Certain a-diketones condense to form benzenoid quinones, two molecules of the diketone taking part in the reaction; thus diacetyl, CH 3 CO CO CH 3, yields p-xyloquinone, C 6 H 2 (CH 3) 2 0 2 (Ber., 1888, 21, p. 1411), and acetylpropionyl, CH 3 CO CO C 2 H 5, yields duroquinone, or tetramethylquinone, C 6 (CH 3) 4 0 2, Oxymethylene compounds, characterized by the grouping > C:CH(OH), also give benzene derivatives by hydrolytic condensation between three molecules; thus oxymethylene acetone, or formyl acetone, CH 3 CO.
aminoand oxy-benzenes, aminophenols, quinones, and oxycarboxylic acids.
Soc., 1906, 89, p. 1787) have disputed the correctness of this explanation, and the latter has prepared melliteins and pyromelliteins, which are highly-coloured compounds produced from mellitic and pyromellitic acids, and which cannot be formulated as quinones.
When treated with hydrochloric acid and potassium chlorate, no chlorinated quinones are obtained (M.
QUINONES, in organic chemistry, a group of compounds in which two hydrogen atoms of a benzene nucleus are replaced by two oxygen atoms. This replacement may take place either in the ortho or para positions, giving rise to orthoquinones or to paraquinones; metaquinones do not appear to have been isolated.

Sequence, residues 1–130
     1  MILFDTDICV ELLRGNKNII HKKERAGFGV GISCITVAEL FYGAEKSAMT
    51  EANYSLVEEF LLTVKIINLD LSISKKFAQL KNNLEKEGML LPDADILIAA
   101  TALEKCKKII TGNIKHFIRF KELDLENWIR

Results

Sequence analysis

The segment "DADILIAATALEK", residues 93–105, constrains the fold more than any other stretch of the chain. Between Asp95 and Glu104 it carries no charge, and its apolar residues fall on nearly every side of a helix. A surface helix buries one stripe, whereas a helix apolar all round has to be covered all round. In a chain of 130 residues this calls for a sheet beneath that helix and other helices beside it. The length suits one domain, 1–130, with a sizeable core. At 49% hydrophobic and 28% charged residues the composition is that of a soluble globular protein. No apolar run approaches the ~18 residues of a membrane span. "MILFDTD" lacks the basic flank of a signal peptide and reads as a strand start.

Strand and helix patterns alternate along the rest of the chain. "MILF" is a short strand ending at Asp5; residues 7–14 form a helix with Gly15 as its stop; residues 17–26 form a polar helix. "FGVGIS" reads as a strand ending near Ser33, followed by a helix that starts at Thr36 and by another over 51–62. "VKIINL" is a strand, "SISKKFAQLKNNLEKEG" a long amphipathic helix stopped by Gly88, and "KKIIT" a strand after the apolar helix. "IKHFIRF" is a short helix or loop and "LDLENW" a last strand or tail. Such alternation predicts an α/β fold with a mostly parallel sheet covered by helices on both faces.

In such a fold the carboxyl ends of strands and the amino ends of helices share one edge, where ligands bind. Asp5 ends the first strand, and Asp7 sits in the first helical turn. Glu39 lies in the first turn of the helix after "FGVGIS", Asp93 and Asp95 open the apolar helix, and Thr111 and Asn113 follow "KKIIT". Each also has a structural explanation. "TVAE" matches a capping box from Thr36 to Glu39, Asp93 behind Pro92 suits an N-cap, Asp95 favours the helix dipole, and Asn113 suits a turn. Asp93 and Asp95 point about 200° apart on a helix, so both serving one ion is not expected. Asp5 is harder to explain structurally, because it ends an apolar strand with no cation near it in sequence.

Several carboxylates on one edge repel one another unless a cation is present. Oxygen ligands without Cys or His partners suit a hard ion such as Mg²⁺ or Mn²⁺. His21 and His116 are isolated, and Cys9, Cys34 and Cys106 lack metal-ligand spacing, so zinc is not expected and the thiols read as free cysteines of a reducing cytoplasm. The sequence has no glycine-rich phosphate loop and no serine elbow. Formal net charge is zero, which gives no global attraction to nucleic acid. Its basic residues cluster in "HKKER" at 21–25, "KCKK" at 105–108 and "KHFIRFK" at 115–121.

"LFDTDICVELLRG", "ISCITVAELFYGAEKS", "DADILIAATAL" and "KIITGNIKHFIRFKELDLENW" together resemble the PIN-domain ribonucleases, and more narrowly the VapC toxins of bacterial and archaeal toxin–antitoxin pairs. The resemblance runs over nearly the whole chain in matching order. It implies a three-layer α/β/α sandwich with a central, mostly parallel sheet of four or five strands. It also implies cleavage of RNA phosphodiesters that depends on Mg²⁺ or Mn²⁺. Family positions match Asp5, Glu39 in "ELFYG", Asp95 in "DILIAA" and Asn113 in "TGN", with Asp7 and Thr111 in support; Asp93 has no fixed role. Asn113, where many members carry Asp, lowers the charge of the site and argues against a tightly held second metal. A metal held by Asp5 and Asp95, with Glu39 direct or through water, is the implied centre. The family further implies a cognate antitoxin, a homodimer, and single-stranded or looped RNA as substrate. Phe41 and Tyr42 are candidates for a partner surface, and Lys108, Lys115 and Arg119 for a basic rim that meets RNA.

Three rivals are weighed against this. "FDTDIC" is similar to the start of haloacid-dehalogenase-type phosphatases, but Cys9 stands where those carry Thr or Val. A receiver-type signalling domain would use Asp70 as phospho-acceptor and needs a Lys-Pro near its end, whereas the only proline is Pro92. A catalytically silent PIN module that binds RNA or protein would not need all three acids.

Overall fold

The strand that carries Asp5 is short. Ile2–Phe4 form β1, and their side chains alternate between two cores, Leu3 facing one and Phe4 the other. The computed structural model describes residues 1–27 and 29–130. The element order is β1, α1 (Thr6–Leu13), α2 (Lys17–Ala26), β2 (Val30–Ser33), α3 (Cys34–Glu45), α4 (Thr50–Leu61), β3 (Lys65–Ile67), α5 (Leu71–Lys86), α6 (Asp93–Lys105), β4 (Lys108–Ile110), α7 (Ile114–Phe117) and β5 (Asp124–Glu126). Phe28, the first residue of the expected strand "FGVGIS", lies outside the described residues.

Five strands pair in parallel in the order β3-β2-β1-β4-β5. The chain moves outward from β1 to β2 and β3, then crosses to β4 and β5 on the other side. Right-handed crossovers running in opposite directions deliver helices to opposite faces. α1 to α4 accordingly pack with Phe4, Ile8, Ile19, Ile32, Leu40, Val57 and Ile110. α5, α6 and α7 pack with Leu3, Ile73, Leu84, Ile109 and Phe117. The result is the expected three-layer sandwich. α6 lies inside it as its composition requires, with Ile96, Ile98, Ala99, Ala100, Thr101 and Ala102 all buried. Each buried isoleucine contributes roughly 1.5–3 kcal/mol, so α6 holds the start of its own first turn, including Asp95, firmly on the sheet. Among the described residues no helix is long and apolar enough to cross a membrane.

The para or true quinones are obtained by the oxidation of hydrocarbons with chromic acid or of various para di-derivatives of benzene with chromic acid mixture, such, for example, as para-aminophenol, para-phenylene diamine, paraa.minoazobenzene, &c. H.
For naphthalene quinones see Naphthalene; for anthracene quinone see Anthraquinone; and for phenanthrene quinone see Phena Nt H Rene.
Bamberger), and by the action of the Grignard reagent on quinones (Bamberger).
It is readily soluble in water, melts at 193° C., and is decomposed at a higher temperature into chromium sesquioxide and oxygen; it is a very powerful oxidizing agent, acting violently on alcohol, converting it into acetaldehyde, and in glacial acetic acid solution converting naphthalene and anthracene into the corresponding quinones.
Examples of novel natural products from higher plants are given and include alkaloids, terpenoids, phenolics and quinones.
Hausen BM (1978) Sensitizing capacity of naturally occurring quinones.
Several potentially allergenic quinones are also present in the wood (Sandermann et al.
18, p. 499) in 1885, who showed that it yielded hexaoxybenzene, C 6 (OH) 6, when acted upon with dilute hydrochloric acid further investigation of this compound brought to light a considerable number of highly interesting derivatives (see Quinones).
This assumed that all coloured substances were derivatives of orthoor para-quinone (see Quinones), and although at the time of its promotion little practical proof was given, yet the theory found wide acceptance on account of the researches of many other chemists.
It is readily soluble in water, melts at 193Ã‚° C., and is decomposed at a higher temperature into chromium sesquioxide and oxygen; it is a very powerful oxidizing agent, acting violently on alcohol, converting it into acetaldehyde, and in glacial acetic acid solution converting naphthalene and anthracene into the corresponding quinones.
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